• 1930 December 19, “Sidar the Madman”, in Time:
        Near Puerto Limon, Costa Rica, Madman, co-pilot and plane were caught in a storm, cast into the Caribbean, drowned.
      • 2009, Hilary Mantel, Wolf Hall, Fourth Estate, published 2010, page 316:
        Her bow is not to her liking. In a temper, she casts it on the grass.
    4. (of an animal) To throw off (the skin) as a process of growth; to shed the hair or fur of the coat. [from 15th c.]
    5. (obsolete except in set phrases) To remove, take off (clothes). [from 14th c.]
      • 1822, “Life of Donald McBane”, in Blackwood's Magazine, volume 12, page 745:
        when the serjeant saw me, he cast his coat and put it on me, and they carried me on their shoulders to a village where the wounded were and our surgeons [].
      • 2002 March 2, Jess Cartner-Morley, “How to Wear Clothes”, in The Guardian:
        You know the saying, "Ne'er cast a clout till May is out"? Well, personally, I'm bored of my winter clothes by March.
    6. (nautical) To heave the lead and line in order to ascertain the depth of water.
    7. (obsolete) To vomit.
    8. (archaic) To throw up, as a mound, or rampart.
      • 1611, The Holy Bible, [] (King James Version), London: [] Robert Barker, [], →OCLC, Luke 19:48:
        Thine enemies shall cast a trench [bank] about thee.
      • 1881, John Kirby Hedges, The history of Wallingford[1], volume 1, page 170:
        Kenett states that the military works still known by the name of Tadmarten Camp and Hook-Norton Barrow were cast up at this time ; the former, large and round, is judged to be a fortification of the Danes, and the latter, being smaller and rather a quinquangle than a square, of the Saxons.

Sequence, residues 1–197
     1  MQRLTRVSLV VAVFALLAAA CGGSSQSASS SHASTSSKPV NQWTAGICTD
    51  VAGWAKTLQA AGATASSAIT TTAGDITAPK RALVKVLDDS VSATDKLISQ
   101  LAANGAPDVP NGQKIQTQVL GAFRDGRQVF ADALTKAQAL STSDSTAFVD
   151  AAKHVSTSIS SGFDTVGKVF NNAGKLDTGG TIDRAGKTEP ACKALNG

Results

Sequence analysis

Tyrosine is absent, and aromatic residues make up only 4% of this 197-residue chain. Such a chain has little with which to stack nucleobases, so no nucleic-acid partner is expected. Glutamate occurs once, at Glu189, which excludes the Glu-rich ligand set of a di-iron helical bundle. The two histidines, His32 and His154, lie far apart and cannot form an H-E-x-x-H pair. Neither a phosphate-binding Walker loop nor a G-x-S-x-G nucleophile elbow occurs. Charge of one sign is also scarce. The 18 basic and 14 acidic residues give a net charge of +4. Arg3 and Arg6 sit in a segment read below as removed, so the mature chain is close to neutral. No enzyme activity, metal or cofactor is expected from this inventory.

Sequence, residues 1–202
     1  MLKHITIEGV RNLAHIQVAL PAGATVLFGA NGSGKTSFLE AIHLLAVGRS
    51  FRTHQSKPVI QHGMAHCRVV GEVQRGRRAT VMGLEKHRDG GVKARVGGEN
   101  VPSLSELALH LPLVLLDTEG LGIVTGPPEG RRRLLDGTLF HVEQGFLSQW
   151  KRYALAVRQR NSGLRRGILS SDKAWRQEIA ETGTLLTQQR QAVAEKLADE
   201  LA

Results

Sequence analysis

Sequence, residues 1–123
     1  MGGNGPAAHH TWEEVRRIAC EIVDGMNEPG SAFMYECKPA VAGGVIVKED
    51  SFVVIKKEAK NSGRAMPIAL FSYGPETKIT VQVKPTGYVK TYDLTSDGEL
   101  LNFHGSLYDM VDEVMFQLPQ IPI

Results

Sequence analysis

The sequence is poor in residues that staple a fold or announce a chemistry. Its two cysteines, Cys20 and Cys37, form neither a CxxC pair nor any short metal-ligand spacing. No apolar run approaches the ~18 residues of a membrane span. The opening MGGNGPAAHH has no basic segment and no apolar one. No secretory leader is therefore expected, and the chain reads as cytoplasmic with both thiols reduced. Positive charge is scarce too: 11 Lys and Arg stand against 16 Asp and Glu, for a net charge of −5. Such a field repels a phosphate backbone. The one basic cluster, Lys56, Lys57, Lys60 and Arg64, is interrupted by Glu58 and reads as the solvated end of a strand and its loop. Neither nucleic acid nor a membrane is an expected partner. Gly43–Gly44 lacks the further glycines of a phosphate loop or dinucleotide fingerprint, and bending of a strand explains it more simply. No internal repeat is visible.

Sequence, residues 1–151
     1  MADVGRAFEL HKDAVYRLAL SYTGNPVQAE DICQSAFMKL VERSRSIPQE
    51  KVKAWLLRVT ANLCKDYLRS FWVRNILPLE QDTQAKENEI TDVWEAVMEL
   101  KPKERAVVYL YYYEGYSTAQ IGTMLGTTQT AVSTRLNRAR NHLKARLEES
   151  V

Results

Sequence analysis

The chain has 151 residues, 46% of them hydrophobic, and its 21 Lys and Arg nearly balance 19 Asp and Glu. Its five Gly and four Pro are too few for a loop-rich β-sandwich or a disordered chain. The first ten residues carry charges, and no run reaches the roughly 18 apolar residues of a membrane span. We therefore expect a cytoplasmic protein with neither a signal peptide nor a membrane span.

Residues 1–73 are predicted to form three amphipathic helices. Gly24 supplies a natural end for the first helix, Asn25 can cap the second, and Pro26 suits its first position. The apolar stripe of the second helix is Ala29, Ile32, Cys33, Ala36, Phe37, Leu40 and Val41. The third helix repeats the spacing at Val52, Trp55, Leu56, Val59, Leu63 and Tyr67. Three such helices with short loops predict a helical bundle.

9. (archaic) To throw out or emit; to exhale.
      • 1695 (first published), 1726 (final dated of publication) John Woodward, An Essay toward a Natural History of the Earth and Terrestrial Bodies
        This [] casts a sulphurous smell.
      • 1849, Philip Henry Gosse, Natural History:
        This horned bird, as it casts a strong smell, so it hath a foul look, much exceeding the European Raven in bigness
  2. To direct (one's eyes, gaze etc.). [from 13th c.]
    • c. 1591–1592 (date written), William Shakespeare, “The Third Part of Henry the Sixt, []”, in Mr. William Shakespeares Comedies, Histories, & Tragedies [] (First Folio), London: [] Isaac Iaggard, and Ed[ward] Blount, published 1623, →OCLC, (please specify the act number in uppercase Roman numerals, and the scene number in lowercase Roman numerals):